Surgery for Broken Bones of the Shoulder
Surgery to repair the broken bones of the shoulder is done to help align the bones properly so that they heal in a good position. If surgery is not performed, usually the body is able to heal the broken bones but they will heal out of alignment. This will decrease the person’s chance of having good range-of-motion and good function. Another term for repairing the broken bones is an “open reduction and internal fixation”, or ORIF. See Broken bones of the shoulder.
A fractured bone is the same as a broken bone. When the upper part of the arm bone breaks it is called a shoulder fracture (see picture). When the bone breaks and the pieces are out of alignment then surgery is often needed to restore the alignment back to normal. This will improve the chances of the person having good use of their shoulder.
What Happens During Surgery?
Surgery takes between 45 minutes to 1 hour. It is done with general anesthesia meaning the person is asleep. Most of the time the person will have a nerve block in their neck which makes their shoulder and arm numb for 6 to 48 hours. During surgery a 4 inch incision is made over the front of the shoulder. The broken pieces of bone are pushed back into place and a metal plate with screws are used to secure the pieces in good position.
For very damaged broken bones, sometimes a shoulder replacement surgery is performed.
Immediately after Surgery
When the person wakes up from surgery they are usually in the recovery room. The person may notice that they cannot feel or move their arm and hand and fingers. This is because of the nerve block and is normal.
After spending 1 to 3 hours in the recovery room then the person will be moved up to their room. In their room there may be a bed with a special range-of-motion machine (CPM). If indicated, the nurse will hook the person up to the machine and teach the person how to use the machine. This machine should be used as often as possible.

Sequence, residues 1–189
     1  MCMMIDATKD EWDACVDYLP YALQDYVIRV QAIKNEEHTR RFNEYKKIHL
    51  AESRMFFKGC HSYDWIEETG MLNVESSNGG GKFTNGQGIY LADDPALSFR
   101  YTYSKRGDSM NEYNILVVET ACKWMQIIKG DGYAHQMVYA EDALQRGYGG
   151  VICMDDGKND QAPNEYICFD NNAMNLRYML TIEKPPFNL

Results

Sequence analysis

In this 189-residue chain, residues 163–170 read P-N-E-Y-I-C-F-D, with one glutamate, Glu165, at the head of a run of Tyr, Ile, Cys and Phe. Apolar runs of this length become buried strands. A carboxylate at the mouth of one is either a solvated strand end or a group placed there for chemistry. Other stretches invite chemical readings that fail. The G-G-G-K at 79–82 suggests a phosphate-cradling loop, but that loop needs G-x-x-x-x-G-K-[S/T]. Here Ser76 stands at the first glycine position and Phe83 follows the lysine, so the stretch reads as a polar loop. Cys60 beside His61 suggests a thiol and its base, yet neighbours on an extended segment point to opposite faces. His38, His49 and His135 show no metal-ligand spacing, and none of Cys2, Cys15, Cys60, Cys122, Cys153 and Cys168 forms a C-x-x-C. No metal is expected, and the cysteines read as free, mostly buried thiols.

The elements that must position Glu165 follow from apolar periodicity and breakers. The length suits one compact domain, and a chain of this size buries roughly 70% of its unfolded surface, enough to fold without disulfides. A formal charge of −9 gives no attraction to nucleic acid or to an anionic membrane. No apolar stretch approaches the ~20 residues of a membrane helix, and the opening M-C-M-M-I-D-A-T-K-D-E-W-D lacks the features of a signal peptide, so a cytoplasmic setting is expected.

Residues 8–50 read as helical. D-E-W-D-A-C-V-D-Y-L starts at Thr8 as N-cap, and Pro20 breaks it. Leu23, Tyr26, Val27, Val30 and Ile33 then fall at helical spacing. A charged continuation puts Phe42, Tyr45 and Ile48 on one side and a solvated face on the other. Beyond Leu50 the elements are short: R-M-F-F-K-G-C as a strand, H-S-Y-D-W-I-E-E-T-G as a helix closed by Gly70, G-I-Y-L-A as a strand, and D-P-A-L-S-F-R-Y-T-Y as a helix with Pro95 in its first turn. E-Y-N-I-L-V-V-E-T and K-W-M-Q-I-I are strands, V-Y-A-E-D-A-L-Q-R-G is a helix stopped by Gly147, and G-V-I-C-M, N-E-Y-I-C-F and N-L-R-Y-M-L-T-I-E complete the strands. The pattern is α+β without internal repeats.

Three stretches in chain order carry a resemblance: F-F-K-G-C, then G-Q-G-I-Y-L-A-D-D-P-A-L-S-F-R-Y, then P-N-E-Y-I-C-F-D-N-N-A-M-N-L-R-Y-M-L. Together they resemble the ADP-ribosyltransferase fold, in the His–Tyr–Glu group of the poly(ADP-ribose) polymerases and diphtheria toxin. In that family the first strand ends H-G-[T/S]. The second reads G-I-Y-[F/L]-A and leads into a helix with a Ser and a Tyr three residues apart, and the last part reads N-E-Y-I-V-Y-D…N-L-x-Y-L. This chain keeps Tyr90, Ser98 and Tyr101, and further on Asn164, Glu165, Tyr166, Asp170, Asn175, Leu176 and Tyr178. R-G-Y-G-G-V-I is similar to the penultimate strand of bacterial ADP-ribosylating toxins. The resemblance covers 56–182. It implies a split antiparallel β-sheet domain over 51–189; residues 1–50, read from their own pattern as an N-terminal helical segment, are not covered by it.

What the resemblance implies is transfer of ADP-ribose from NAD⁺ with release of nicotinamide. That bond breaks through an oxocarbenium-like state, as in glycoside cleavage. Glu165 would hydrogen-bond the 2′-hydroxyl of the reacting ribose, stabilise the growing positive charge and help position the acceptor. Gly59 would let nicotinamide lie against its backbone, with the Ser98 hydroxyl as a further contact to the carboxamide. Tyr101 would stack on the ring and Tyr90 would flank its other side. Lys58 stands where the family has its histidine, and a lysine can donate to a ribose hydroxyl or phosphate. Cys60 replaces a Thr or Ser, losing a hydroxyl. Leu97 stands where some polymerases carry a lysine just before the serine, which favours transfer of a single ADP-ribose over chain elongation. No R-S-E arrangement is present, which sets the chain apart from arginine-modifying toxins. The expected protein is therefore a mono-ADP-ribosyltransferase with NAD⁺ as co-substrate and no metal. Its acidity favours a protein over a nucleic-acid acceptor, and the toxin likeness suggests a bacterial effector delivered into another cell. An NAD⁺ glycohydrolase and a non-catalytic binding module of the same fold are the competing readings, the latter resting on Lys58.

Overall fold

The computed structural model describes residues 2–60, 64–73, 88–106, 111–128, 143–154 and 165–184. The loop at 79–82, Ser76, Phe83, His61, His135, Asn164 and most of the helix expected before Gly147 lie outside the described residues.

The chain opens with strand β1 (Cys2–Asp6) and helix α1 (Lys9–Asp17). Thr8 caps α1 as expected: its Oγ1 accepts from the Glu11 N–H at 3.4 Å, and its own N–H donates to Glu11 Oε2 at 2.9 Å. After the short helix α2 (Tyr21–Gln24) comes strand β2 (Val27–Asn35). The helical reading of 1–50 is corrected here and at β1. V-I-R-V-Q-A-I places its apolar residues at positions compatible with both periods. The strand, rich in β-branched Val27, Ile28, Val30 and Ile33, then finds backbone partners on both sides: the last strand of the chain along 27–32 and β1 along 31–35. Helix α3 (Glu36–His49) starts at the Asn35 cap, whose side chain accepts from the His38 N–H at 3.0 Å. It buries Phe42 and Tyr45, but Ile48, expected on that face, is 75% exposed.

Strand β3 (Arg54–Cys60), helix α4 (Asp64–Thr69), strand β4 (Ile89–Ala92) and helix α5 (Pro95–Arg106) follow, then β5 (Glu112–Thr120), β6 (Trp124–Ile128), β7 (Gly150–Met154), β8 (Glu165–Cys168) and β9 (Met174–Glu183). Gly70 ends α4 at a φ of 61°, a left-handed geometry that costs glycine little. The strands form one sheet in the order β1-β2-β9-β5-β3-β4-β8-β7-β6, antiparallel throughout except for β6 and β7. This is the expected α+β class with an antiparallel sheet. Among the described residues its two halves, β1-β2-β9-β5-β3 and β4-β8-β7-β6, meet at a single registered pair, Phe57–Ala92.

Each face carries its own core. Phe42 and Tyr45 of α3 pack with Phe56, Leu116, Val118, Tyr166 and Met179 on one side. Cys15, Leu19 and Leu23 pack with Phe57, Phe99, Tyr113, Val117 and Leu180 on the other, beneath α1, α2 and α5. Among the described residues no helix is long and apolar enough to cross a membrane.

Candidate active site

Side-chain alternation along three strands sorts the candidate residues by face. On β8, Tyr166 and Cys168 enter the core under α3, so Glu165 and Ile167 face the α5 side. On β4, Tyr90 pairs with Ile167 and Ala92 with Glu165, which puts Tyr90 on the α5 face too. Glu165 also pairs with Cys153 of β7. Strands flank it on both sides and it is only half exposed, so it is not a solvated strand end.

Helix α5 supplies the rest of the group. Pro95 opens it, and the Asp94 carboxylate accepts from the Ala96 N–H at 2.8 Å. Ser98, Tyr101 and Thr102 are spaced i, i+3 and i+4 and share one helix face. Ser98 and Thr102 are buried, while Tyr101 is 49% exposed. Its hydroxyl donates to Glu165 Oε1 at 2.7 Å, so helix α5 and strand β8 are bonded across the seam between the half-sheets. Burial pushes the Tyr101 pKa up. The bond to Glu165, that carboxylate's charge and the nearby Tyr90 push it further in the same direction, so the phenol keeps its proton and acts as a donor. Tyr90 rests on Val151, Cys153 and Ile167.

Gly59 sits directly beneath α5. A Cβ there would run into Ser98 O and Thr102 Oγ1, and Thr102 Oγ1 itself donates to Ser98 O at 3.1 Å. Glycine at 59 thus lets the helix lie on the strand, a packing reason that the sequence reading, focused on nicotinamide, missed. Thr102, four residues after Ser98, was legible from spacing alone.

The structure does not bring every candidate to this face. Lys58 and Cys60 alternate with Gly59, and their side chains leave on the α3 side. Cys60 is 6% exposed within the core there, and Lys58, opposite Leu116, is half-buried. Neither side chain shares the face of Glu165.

A person may have questions following your surgery. Many of these frequently asked questions about surgery can be answered here.
What to Expect After Surgery: Week 0 through Week 6 (Phase One)
- Pain: It is normal for a person to experience moderate to severe pain for the first few days after surgery. A person will be given pain pills to take for the first 5 days after surgery. After that, only Tylenol is recommended (only if the person’s primary doctor says it is safe for them). Pain from the surgery should decrease by half, with each passing day. Pain usually improves with the stretches that are taught. If a person wakes up with pain in the middle of the night, they should do their stretching exercises, as stretching usually makes the pain better.
- Therapy: After waking up from surgery and being brought up to their room, a therapist will visit the person to teach them a therapy program, which involves stretching the shoulder that had the surgery with the help of the other arm. This initial therapy programs are Pendulum Exercises and the 0/90 therapy program. Later the person will be advanced to the 40/140 therapy program. These therapy programs involves stretching the shoulder that had the surgery with the help of the other arm. The person will be taught 2 stretches. Each stretch must be done 5 times in a row. Each set must be done 5 times a day. This means that the person must do a minimum of 50 stretches per day.
- If a person’s shoulder is too sore to be stretched, it’s very important that they communicate this to their doctor and/or therapist. Every day that passes that a person does not achieve their range-of-motion goals, makes it extra difficult to get back on track.